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Monday, April 9, 2012

Women and Health Care Reform: Another View

By Lisa Zamosky

Included in a new report released by the White House on the state of women in America’s economy is the impact the Patient Protection and Affordable Care Act (ACA) has already had and will continue to have on the availability of quality health care for women.

However, not everyone sees the successes the White House is touting.

According to Michael Cannon, director of health policy studies at the Washington, DC-based libertarian think tank, Cato Institute, the law is not a cure for what ails American women dissatisfied with today’s health care market.

In fact, Cannon reminds us that Obamacare is generally unpopular with the American public, including women, and takes issue with supporters’ tendency to pluck out popular pieces of the law and mistake them for signs of the law’s overall success.

“It’s completely meaningless to say this law will provide preventive care for people and the public likes that, and that this law will prevent insurers from denying care to people with pre-existing conditions and the public likes that, ergo Obamacare is good. No, that’s not it at all,” he says.

In fact, according to Cannon, Obamacare may actually be bad for women.  “When employers are required by the government to spend more money on health benefits, it’s going to increase the cost of hiring and it’s going to leave fewer women with jobs. In particular, low-skill, low-income women,” he says.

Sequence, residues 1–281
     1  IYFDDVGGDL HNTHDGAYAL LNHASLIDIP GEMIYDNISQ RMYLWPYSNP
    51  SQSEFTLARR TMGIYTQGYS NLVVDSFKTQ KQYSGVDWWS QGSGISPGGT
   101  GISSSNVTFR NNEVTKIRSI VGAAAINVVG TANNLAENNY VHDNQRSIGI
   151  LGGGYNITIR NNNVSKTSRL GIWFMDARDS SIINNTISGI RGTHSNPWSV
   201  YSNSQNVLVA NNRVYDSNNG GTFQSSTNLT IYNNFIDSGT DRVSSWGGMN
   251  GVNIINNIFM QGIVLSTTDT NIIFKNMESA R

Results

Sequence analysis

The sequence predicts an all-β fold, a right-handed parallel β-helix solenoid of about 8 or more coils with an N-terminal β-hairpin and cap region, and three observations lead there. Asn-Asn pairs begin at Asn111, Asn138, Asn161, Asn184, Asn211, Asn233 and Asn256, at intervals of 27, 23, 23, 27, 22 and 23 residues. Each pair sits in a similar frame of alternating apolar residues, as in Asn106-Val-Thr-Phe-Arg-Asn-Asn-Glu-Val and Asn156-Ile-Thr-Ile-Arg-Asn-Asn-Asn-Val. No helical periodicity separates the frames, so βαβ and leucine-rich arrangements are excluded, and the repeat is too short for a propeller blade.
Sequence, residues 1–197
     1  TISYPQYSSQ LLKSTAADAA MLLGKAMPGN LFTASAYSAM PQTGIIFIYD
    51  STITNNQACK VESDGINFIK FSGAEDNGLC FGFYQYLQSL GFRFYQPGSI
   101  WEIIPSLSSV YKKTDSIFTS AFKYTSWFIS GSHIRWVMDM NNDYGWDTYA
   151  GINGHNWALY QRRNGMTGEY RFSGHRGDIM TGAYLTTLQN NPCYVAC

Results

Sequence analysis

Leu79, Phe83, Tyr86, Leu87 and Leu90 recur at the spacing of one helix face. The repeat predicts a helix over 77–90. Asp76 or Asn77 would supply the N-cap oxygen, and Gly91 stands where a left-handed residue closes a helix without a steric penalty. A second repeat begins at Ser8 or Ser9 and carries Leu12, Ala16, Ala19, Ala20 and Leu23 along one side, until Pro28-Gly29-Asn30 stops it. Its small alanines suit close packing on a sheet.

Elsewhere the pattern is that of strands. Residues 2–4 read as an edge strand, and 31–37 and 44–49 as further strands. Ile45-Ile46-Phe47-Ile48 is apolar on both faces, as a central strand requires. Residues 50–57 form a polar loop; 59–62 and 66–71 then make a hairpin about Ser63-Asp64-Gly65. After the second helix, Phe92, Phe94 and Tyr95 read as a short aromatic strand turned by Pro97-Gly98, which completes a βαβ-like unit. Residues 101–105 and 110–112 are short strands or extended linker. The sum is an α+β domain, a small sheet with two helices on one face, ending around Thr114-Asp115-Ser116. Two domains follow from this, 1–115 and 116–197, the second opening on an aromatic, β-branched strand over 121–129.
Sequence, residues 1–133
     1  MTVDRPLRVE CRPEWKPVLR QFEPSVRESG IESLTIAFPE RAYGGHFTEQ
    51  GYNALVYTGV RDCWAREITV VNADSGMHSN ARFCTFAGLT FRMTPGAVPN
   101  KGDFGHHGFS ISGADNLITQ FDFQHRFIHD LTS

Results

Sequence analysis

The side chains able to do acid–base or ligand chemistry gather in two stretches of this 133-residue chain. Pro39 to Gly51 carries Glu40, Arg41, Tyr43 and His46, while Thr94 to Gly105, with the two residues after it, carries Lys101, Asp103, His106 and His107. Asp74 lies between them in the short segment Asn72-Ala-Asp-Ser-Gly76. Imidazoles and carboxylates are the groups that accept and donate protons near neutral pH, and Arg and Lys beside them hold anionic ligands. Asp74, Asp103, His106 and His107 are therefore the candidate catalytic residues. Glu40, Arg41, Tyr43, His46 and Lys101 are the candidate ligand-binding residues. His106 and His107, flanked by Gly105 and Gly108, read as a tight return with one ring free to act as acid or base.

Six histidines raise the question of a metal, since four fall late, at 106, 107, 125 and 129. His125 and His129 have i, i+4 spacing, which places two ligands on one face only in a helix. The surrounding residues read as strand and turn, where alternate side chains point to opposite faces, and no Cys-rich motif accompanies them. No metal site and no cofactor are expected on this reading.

Even popular insurance reforms, such as making it illegal to charge women more for a health plan than men simply on the basis of their gender, are ultimately going to drive costs higher and stifle cost-saving innovations, Cannon says.

That’s because women generally use more medical services than men. Allowing women to pay less for coverage although they use more, is merely an act of cost-shifting.

“You’re not actually improving the situation by shifting costs to men or by hiding from women the cost of their own medical care,” Cannon says. By reducing their costs, he contends, women will be encouraged to purchase more health insurance and be less cost conscious about the care they receive.

Still, he acknowledges that the current system needs to change to better provide health care to all Americans, including women.  But Obamacare isn’t the answer.

“The government needs to start pulling back and doing less,” Cannon says.

Posted by: Lisa Zamosky at 8:36 am


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